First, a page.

W5 - Making a Baby

Skip Navigation

Making a Baby

What happens?

Using this exhibit the visitor can explore the process of creating a child from before the moment of conception right through to birth. It also illustrates the importance of parental health and the role of genetics in determining the characteristics of a child. The exhibit explores four discrete components relating to the formation of a child. The first element looks at genetic influence on the formation of a child and explains how the concept of inheritance works. The second element introduces how fertility can affect and be affected by the parents. It looks at the role of zinc in a male diet and which period of the menstrual cycle is most likely to facilitate conception. There is also a game in which the visitor must time the release of sperm to fertilise an egg. In the third section pregnancy milestones are illustrated and development of the foetus is described until the child has fully developed and is ready to be born. Section four is much shorter than the others and suggests that when a child is born it should exit the womb head first.

How does it work?

Well, when a mummy and a daddy love each other very much... Seriously though, each parent will contribute half of their child's genome or genetic material in the form of either sperm or an egg. When the two halves join, it is called fertilisation. Once fertilisation occurs the cell is known as a zygote. The cell will then divide and is known as an embryo until eight weeks after fertilisation when it is called a foetus. Birth usually occurs between 37 and 42 weeks after the first day of the last menstrual cycle.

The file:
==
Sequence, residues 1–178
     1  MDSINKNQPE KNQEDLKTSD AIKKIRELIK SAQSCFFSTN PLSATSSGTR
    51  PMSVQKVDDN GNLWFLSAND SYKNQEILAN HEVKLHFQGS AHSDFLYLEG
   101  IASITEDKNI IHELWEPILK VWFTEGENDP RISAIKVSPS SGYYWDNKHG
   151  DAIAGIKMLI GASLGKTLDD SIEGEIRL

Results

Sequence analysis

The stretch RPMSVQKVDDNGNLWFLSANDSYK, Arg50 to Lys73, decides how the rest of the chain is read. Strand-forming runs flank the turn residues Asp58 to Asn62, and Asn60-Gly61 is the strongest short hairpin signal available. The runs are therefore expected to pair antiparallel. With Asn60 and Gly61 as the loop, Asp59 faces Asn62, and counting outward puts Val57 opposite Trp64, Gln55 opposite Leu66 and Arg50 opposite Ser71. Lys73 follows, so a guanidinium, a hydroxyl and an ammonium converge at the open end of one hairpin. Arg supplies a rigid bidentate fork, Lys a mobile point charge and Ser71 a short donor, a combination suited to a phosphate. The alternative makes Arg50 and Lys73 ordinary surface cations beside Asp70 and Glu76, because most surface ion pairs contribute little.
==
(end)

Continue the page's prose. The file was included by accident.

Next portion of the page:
Why is it important?

The "making a baby" exhibit is important in raising awareness of how life develops and grows. It also promotes the use of information and openness about a subject which often is linked to taboo areas for children. It is an informative and informal way of finding out about arguably the most significant event in every person's life - the moment they were born. The exhibit ties in the area of genetics directly to the process of childbirth.

How does it relate to the primary curriculum?

  • The World Around Us: Visitor will have opportunities to understand more about; how they and others interact in the world; how living things rely on each other within the natural world; ways in which change occurs over both short and long periods of time in the physical and natural world; 'Me' in the world.
  • PDMU: Visitors will be able to develop; positive attitudes to learning and achievement; strategies and skills for keeping themselves healthy and safe; initiating and developing mutually satisfying relationships;

How does it relate to the post-primary curriculum?

  • Science: Cells, genes and reproduction; healthy body and mind; Explore physical, chemical and biological effects on personal health;

Where can you find out more?